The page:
“Food can be the fastest medicine, or the slowest poison”
You ARE what you eat and drink and you can’t exercise your way out of a bad diet! Although there are many ways to improve your health, what you put in your mouth is by far the MOST important lifestyle issue. Poor nutrition contributes more to chronic disease and death than smoking, lack of exercise and excessive alcohol consumption COMBINED! This includes diseases like dementia, heart disease, diabetes, and cancer. 70 % of deaths worldwide (more than 30 million annually) are from chronic, reversible diseases. Fifty years ago, most people died of under nutrition. Today, most people die of over nutrition. A poor diet alone accounts for 1/3rd of all cancer cases. What you eat has even been shown to turn on and off cancer-causing genes! You can’t blame poor health on genetics. A family history of disease, including high cholesterol (of which only 0.2% is truly genetic), obesity, cancer and even dementia, has more to do with the lifestyle and eating habits we learned from our families growing up than with the genes we inherited. Those habits can be changed. The “Standard American Diet” (appropriately known as SAD), also known as the “Western” diet, consists of: 39% oil and sugar, 30% animal products, 20% grains, 95% of which are highly refined, and only 11% fruits and vegetables. The majority of the vegetables Americans do eat consist of French fries, ketchup, orange juice and rice (as a filler, not true grain)!
Good nutrition is not just about avoiding bad food; it’s also about adding more good food. More whole grains, nuts, seeds, beans, vegetables and fruits! Just adding 1 serving of fruit or vegetables a day, organic or not, will make a significant improvement in your health. Just thinking about what you eat is a start in the right direction.
Doing a 2-week diet diary (Diet Diary and Food Guide) helps to give you a better idea of what and how much you actually eat. Nutritional guidance and information, whether from a doctor, nutritionist or the internet, is confusing and often contradictory. There are many differences in opinion about what is “the best diet”. Despite these differences, there is consistent agreement about a few things like avoiding sugar, processed food, dairy, cutting back on or completely avoiding meat and fish as well as stressing the importance of eating more quality whole foods especially lots of fresh fruits and vegetables. Don’t eat anything your grandmother wouldn’t recognize as food. Some people do have specific nutritional needs like allergies or sensitivities. You have to find what works for you, makes you feel the best and improves your health in the long-term (not just in the first few weeks or months). Keep in mind that when you eliminate something bad from your diet like sugar or dairy you may feel worse for a few weeks because of withdrawal, just like with drugs, so be patient. These foods bind to and stimulate the same brain receptors as heroin and morphine. You literally are addicted to them. Similarly, adding good foods into your diet like beans, legumes and high-fiber fruits and vegetables can sometimes make you feel bloated. This is primarily because the balance of good and bad bacteria in your gut is way off. As you slowly re-introduce healthy foods into your diet, you will feed and grow the beneficial bacteria in your gut, those symptoms will disappear and the long-term health benefits you will enjoy are undeniable!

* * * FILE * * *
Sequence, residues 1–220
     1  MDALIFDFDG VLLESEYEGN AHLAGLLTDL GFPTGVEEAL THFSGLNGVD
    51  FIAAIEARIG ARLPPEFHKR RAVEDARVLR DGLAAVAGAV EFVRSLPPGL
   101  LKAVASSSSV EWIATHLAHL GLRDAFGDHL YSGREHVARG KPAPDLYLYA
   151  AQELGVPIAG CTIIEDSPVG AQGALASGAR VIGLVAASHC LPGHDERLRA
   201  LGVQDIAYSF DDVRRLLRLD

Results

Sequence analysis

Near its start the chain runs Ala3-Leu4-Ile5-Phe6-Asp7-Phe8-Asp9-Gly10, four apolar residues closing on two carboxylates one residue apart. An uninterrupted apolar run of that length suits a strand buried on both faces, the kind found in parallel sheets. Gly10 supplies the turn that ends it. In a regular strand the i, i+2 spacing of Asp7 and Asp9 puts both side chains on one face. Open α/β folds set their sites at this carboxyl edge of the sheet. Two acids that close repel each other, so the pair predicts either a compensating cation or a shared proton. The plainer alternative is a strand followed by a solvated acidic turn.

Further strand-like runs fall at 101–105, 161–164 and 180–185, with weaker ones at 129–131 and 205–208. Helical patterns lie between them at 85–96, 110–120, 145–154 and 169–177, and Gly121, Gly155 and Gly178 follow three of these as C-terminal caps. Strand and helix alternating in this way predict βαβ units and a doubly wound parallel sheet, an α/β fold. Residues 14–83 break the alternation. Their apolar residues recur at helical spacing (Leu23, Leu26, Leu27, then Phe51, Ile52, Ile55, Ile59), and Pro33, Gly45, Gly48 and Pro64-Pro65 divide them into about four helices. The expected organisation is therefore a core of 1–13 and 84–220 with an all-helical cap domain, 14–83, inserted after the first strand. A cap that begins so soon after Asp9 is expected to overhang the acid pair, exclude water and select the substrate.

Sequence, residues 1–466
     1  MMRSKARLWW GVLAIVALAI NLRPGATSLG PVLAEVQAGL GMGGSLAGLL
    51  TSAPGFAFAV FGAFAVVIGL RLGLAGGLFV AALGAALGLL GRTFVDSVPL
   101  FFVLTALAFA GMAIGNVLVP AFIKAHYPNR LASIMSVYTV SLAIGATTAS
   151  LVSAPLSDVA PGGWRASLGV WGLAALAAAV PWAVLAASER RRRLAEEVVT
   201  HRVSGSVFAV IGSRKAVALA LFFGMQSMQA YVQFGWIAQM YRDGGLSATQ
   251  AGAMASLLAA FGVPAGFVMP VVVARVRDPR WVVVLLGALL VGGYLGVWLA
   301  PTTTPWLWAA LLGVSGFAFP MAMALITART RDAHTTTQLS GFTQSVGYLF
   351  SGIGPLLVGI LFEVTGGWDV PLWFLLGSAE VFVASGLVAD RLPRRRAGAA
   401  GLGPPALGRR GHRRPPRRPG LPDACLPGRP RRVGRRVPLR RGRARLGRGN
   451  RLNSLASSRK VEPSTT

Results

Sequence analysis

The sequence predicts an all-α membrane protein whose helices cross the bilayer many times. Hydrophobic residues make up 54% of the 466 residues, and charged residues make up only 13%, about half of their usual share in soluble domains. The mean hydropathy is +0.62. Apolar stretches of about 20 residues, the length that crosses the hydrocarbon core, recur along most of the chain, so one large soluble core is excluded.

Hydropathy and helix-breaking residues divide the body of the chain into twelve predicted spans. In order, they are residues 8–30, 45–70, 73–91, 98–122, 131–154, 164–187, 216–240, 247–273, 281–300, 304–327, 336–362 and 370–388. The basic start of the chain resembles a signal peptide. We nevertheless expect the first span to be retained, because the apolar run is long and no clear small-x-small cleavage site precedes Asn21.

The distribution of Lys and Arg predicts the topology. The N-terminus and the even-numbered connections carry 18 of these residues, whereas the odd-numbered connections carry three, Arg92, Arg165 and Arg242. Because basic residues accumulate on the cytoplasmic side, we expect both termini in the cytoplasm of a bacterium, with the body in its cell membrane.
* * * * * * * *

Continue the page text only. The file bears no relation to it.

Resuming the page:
This is a link to a fascinating lecture about the history of food and the benefits of a plant-based diet by Dr. Scott Stoll.
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Links to more information about nutrition and health:
Additional helpful links and documents:
Wellness and Lifestyle Basics Handout – Wellness and Lifestyle Basics Handout